(Reuters) - The global recession manifests itself in big and small ways, most gloomy, some quirky and often reflecting the inventive human spirit. Here is a look at some signs of the times.
* The global economic downturn has hit tourism and countries that rely on the industry are feeling the pinch. Jamaican Prime Minister Bruce Golding has pledged to take a 15 percent pay cut as result of the hard economic times and urged parliamentarians to follow his lead. “Those who are leaders must lead by example,” he said.
* The staggering U.S. economy is creating a flotilla of forsaken boats, according to The New York Times. A growing number of abandoned boats are the clogging the waters in states like Florida. Officials say many of the craft are paid for, but the owners can’t sell them and can’t afford mooring and maintenance costs. They also lack the money to dispose of them properly. One investigator says some people are trying to cash in by making their boats disappear and getting an insurance payment that more than covers the debt.
* When the going gets tough, some of the tough get going — to the plastic surgeon’s office, that is. The recession took a bite out of plastic surgery in 2008 with U.S. operations down 9 percent, the American Society of Plastic Surgeons said. But there is rising interest in plastic surgery among people who want younger and “fresher” look for the competitive job market. “We’re not having a good year and I know I’ll soon have to interview,” said Jeff Grabow, a music marketing executive in Los Angeles who spent $17,000 on a face-lift. “The surgery made sense for me. I look at least 10 to 15 years younger and I have more confidence.”
* An offer of a year’s supply of free milk at a new grocery store in the affluent town of Plano, Texas, near Dallas, drew a larger-than-expected crowd, according to the Dallas Morning News. The store offered vouchers to the first 100 shoppers who showed up at its grand opening, giving them a free gallon of milk a week for 52 weeks. The store opened its doors at 7 a.m., but people started lining up the night before, bundled up in blankets and sleeping bags. Cynthia Salinas, who spent the night outside the store, told the newspaper: “Hey, it’s free milk for the year. The economy is bad, and milk is only going to go up.”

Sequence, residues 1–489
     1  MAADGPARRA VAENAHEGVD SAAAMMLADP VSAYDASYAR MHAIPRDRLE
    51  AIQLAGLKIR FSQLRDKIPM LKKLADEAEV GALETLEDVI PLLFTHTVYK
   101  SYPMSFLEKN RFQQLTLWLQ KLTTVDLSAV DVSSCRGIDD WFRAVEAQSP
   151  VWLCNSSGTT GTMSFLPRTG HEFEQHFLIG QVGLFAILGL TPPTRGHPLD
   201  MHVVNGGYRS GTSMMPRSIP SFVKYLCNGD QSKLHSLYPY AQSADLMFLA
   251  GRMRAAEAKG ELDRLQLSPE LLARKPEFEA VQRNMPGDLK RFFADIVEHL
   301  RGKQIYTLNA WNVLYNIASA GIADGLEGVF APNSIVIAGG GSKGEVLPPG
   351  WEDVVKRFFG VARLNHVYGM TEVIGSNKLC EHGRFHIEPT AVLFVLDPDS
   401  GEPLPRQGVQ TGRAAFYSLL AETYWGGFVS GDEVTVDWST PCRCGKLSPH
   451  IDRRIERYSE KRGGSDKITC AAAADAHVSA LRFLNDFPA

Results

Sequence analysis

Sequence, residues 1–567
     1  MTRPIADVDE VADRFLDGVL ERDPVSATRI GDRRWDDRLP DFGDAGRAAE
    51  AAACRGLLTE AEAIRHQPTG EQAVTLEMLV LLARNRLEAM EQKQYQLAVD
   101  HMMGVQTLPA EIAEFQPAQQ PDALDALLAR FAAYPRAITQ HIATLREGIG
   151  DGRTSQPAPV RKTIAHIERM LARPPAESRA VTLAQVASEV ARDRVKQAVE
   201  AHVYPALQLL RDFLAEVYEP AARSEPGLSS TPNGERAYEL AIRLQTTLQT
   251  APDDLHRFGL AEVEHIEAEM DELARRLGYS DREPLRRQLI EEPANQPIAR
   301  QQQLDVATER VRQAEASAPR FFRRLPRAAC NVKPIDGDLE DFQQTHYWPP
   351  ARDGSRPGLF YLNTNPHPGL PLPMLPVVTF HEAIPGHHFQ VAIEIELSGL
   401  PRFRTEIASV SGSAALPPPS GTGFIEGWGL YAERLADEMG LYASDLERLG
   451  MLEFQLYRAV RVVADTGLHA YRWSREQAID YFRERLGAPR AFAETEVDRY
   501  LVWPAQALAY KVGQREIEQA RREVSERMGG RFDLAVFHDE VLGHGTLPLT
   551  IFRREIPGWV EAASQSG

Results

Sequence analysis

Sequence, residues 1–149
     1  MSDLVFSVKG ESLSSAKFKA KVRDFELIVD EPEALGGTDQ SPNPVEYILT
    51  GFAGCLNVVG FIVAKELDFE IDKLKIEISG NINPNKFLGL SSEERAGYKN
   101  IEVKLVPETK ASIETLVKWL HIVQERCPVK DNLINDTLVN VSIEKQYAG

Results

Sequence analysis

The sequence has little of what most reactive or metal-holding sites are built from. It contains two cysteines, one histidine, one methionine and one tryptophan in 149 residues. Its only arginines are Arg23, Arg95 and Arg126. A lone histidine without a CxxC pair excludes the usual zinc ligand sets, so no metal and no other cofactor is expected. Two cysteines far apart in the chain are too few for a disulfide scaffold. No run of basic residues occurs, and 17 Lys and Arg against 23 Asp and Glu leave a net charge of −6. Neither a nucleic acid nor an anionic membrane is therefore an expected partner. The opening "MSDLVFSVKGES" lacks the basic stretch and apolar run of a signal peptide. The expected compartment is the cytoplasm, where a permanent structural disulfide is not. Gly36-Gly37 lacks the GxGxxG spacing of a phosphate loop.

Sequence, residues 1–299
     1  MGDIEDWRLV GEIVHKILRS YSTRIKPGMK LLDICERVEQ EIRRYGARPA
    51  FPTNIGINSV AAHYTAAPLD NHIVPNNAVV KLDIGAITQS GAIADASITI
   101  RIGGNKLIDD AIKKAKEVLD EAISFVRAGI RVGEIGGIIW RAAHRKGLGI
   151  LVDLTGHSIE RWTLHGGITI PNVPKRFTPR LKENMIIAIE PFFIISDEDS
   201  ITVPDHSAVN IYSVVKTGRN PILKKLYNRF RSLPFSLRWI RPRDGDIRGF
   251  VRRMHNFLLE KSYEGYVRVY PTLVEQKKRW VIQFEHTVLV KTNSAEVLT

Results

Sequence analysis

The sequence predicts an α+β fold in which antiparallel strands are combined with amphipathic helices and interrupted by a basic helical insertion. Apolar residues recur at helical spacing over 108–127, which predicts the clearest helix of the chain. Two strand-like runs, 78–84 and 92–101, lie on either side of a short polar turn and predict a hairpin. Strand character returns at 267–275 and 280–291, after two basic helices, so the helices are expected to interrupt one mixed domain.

* A Japanese precision-equipment manufacturer has cooked up a novel way of making use of its idled production lines and highly skilled staff — baking cakes, according to the Sankei daily. An electronics parts maker based in the rural area of Shimane began baking tarts and cakes this February after orders fell because of the recession. The high cleanliness standard required for electronics work meant the company was able to get certification from the health bureau. The baked goods are on sale in local shops.
* A 60-year-old Taipei man who was unable to find a job came up with a different way to earn a living. Luo Mao-sheng, who has a foot injury from 20 years ago, built a coffee stand on his small cart similar to a motorized wheelchair. He brews and serves coffee from the cart on Taipei streets, moving around as police make him clear out for lack of permits. “If the economy wasn’t so bad, I wouldn’t have come up with this idea,” said Luo.
* Growing numbers of Americans are getting government help to buy food. A record 32.2 million people — one in 10 Americans — received food stamps, according to official figures. Food stamps, the major U.S. anti-hunger program, help poor people buy groceries.
Compiled by Will Dunham; Editing by Chris Wilson; Reporting by Isabel Reynolds in Tokyo, Sue Zeidler in Los Angeles, Horace Helps in Kingston, Ralph Jennings in Taipei, Ed Stoddard in Dallas, Charles Abbott, Xavier Briand and Jackie Frank in Washington